(From the 20th Anniversary Special Edition of Bleach Volume 1)
- Story and Art by: Tite Kubo
- Translation: Joe Yamazaki
- English Adaptation: Lance Caselman
- Touch-up Art & Lettering: Andy Ristaino
- Cover, Graphics & Design: Sean Lee
- 20th Anniversary Cover Design: Jimmy Presler
- Editor/s: Kit Fox
- Published by: Viz Media
- Chapters in this volume: 7
Bleach was one of the first anime I ever got into back in my days at secondary school. However, I never fully watched it all the way through because of my constantly changing hyper-fixations due to what I now know is autism. I have, however, always loved the show and the story so a while back I bought the first few volumes of the manga…then I sold them to a friend, so now I’m buying them again.
Whilst I ordered the first 3-in-1 volume of the Bleach manga I also picked up the special 20th Anniversary edition of volume 1, which is nothing truly special besides a different cover print but it’s a cool collector’s item for the manga collection either way. So whilst I wait for my 3-in-1 to arrive, I decided to dive back into the world of Bleach, and here is my review.
Ichigo Kurasaki is a 15-year-old boy who has always had the ability to see ghosts, but the veil between life and death expands far beyond what he originally could have imagined, but he soon learns the truth when he meets a soul reaper, a being from the soul society that cannot be seen by regular humans, and whose job it is to reap and cleanse the souls of the deceased.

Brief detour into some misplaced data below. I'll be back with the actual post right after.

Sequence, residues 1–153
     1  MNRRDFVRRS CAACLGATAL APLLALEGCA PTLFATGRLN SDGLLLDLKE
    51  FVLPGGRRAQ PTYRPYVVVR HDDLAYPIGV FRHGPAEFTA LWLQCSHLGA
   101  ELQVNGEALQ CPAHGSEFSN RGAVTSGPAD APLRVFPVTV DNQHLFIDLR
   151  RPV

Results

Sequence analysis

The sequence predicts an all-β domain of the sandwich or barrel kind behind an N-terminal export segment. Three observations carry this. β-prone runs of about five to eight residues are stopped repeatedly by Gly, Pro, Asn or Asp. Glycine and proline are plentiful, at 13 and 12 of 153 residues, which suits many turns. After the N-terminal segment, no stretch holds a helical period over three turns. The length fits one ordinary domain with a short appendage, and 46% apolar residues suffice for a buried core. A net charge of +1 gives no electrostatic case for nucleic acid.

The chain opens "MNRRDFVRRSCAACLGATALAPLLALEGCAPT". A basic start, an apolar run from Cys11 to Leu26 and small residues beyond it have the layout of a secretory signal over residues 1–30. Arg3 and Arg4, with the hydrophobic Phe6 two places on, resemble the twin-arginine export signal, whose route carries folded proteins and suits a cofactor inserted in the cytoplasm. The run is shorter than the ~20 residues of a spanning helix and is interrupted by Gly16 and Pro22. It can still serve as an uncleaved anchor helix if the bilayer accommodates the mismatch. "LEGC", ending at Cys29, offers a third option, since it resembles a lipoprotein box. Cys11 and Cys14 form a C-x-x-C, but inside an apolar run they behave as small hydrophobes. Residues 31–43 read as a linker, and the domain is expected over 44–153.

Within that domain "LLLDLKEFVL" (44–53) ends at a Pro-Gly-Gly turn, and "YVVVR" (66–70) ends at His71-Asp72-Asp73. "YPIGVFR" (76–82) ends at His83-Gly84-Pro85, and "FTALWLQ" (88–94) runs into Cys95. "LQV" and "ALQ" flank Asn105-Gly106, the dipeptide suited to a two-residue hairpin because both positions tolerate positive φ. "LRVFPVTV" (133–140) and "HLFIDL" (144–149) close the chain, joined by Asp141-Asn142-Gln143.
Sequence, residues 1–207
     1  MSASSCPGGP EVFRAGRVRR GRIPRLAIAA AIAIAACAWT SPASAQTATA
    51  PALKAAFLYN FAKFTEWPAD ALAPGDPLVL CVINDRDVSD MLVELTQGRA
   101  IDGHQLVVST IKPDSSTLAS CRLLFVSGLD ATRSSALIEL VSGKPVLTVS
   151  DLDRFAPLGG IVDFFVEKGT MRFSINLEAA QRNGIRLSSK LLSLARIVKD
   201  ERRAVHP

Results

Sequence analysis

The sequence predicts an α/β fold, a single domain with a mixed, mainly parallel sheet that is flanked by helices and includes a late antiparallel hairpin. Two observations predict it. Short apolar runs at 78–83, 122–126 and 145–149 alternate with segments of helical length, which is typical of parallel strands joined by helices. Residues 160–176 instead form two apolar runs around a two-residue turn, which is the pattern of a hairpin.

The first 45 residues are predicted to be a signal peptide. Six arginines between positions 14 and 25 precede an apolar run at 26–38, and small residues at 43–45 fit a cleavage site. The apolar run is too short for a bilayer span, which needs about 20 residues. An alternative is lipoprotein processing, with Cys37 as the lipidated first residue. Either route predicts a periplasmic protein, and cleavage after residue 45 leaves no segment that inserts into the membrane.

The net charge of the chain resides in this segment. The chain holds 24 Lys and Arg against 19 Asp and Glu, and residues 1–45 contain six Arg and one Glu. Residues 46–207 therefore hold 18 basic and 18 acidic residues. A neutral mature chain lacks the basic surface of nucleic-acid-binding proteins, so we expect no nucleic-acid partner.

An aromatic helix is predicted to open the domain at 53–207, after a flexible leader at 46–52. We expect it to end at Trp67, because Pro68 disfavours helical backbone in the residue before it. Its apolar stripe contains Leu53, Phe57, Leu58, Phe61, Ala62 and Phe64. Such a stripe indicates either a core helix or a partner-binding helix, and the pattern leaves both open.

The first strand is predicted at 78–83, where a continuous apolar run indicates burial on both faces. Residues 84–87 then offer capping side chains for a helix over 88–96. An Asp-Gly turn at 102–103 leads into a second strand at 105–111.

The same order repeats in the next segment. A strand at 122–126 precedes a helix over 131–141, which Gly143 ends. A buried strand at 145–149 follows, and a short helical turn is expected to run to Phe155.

When a monster soul, known as a Hollow, attacks Ichigo’s family, an injured Rukia, the soul reaper, offers to grant Ichigo her soul-reaping powers for the time being, but when his body consumes all of her power, Ichigo must take up the mantle of Substitute Soul Reaper, until Rukia can regain her powers and return to the Soul Society.
It is now Ichigo’s job to defeat any Hollows that wander into the world of the living, whilst learning what it truly means to be a soul reaper, as well as the harsh truths about death. Not all souls pass on easily, and some are consumed by monsters.
The story of Bleach caught my attention from the very first episode of the anime when I first watched the show, and has remained a fond favourite of mine ever since. With so many different aspects on such a grim topic as death, it really makes for an entertaining, action-packed, and heartwarming journey, as we the reader, along with Ichigo and his allies, learn more and more about the differences between the world of the living, the Soul Society, and the world of the Hollows, as well as how they all interact with one another.
The stories told within the first volume are of course introductory stories, but that’s not to say they are slow. The action and the humour are present from the very beginning and we get a glimpse of the good guy that Ichigo is, whilst also seeing that he is not someone to mess with, which in my mind is always a good way for a protagonist to be.
It eases the reader into the rules of this fictional world by introducing us to a soul reaper, as well as a summary of their jobs, hollows and what they truly are, Ichigo’s friends, who get slowly introduced one by one, and more importantly, it gives us a glimpse of Ichigo’s hidden power that will be revealed as the series of stories continue.